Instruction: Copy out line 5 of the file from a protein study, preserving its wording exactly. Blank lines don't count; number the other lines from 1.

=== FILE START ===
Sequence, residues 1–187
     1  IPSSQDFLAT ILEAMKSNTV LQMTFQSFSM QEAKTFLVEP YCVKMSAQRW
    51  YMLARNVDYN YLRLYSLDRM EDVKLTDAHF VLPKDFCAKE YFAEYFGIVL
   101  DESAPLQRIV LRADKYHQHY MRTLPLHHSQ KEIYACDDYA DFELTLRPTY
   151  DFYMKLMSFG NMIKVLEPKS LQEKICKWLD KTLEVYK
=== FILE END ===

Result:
   151  DFYMKLMSFG NMIKVLEPKS LQEKICKWLD KTLEVYK